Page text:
Thursday, May 29, 2008


Most homeowners’ insurance policies offer at least three basic types of coverage: (1) Protection for the home such as damages caused by fire, hurricane, lightening, etc., if listed in the policy; (2) Personal property such as furniture, appliances, clothes, jewelry, etc., stolen or destroyed by fire, hurricane, lightening or other listed causes; (3) Protection (up to the limit of your policy) for accidental injuries to third parties caused by you, your spouse or your children (members of your household). This portion of the homeowners’ policy is often referred to as “liability protection.”

Liability protection covers you (and members of the household) against lawsuits for bodily injury or property damage that you or family members cause to others. It pays the costs of defending you or a family member and pays up to the limit of your policy for any damages for which you or a family member may be held liable. Liability protection also pays for the medical expenses of the injured third party. The obligation of your insurance company for liability protection is often referred to as the “duty to defend and indemnify.”

Most homeowners are required to purchase a homeowners’ insurance policy. However, many also purchase it for the peace of mind it offers when someone is injured in the home.

In a case tried before the Superior Court of New Jersey, our client, an 18 year-old student, was accidentally shot and killed by his 20 year-old cousin at the cousins’ house while the cousin was mishandling a loaded revolver. (It appeared that the cousin was sitting on his bed holding the revolver and examining it, and while doing so, the gun went off causing the bullet to strike our client in the back causing his death). The police later searched the cousin’s room and found three other revolvers as well as drugs. The cousin was later arrested and charged with reckless manslaughter and various other drug charges. However, he was acquitted of the reckless manslaughter charge but found guilty of “negligent assault.” weapon possession and the drug charges and was sentenced to 5 years imprisonment.

The estate of the 18-year old decedent retained our office to file a wrongful death and personal injury lawsuit against the cousin and his parents. Pursuant to the parents’ homeowners’ insurance policy, issued by High Point Insurance, the insurance carrier hired an attorney to represent the parents in the lawsuit. But they did not retain an attorney for the 20 year-old son (we’ll call him “H”) who accidentally shot and killed our client.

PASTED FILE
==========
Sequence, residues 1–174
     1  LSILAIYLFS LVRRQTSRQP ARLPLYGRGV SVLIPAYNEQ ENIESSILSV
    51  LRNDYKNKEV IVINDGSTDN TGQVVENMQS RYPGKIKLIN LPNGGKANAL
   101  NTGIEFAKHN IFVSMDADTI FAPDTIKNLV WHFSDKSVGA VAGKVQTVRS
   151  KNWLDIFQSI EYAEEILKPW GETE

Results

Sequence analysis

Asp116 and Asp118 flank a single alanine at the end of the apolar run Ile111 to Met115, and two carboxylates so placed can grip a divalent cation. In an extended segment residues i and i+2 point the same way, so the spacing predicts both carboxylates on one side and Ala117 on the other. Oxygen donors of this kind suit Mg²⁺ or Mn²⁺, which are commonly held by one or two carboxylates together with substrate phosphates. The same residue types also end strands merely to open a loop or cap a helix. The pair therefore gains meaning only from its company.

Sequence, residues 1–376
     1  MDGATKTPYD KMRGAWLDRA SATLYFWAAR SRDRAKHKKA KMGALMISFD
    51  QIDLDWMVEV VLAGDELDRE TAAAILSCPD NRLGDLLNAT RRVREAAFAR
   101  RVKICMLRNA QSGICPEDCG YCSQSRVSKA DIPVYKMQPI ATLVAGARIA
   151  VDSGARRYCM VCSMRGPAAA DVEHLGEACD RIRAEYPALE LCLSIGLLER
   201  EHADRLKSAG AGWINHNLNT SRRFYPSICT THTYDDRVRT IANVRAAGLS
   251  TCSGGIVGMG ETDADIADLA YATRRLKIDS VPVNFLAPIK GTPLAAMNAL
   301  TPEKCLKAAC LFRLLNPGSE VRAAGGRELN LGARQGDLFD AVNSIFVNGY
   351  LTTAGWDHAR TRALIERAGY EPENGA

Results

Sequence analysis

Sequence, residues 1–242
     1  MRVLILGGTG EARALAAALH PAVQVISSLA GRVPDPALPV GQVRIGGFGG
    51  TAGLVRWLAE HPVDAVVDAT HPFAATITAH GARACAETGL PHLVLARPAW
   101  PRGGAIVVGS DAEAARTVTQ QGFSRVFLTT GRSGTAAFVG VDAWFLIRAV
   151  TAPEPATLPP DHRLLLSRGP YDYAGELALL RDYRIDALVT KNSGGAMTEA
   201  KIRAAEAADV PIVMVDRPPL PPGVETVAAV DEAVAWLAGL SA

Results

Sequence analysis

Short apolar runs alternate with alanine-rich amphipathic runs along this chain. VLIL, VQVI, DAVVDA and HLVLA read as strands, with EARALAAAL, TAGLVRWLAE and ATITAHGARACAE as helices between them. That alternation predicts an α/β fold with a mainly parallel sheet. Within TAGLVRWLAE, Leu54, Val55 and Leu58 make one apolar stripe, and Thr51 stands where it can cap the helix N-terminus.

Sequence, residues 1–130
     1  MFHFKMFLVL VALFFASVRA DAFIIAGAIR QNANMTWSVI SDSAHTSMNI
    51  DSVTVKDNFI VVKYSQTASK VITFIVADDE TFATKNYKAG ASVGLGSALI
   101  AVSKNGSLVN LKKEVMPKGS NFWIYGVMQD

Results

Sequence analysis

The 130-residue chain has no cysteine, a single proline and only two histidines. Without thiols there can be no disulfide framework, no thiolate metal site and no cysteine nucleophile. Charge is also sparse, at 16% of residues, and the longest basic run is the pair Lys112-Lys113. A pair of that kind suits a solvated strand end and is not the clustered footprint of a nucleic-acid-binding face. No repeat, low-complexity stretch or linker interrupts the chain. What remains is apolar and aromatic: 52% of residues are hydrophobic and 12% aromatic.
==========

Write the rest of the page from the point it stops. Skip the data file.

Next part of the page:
The High Point policy provides that the insurance company will defend the homeowners and “any member of the household related by blood” in any lawsuit brought by a third party for injuries sustained as a result of negligence (a careless act). Obviously, “any member of the household related by blood” includes sons and daughters of the homeowners living at home. Despite repeatedly informing the insurance company that H was a “household member” related to the homeowners “by blood” and “living in the “same household” at the time of our client’s death, High Point refused to defend H. Additionally, the father of H gave a sworn statement (made under penalties of criminal punishment) to the insurance company that H was his son who was living at home at the time of the accidental shooting. Despite this sworn statement, and clear and unmistakable language in the insurance policy, High Point continued its refusal to defend H, and made no attempts to retain an attorney to do so, even sat back and watched as a default judgment was entered against 20 year-old H for failing to answer the lawsuit.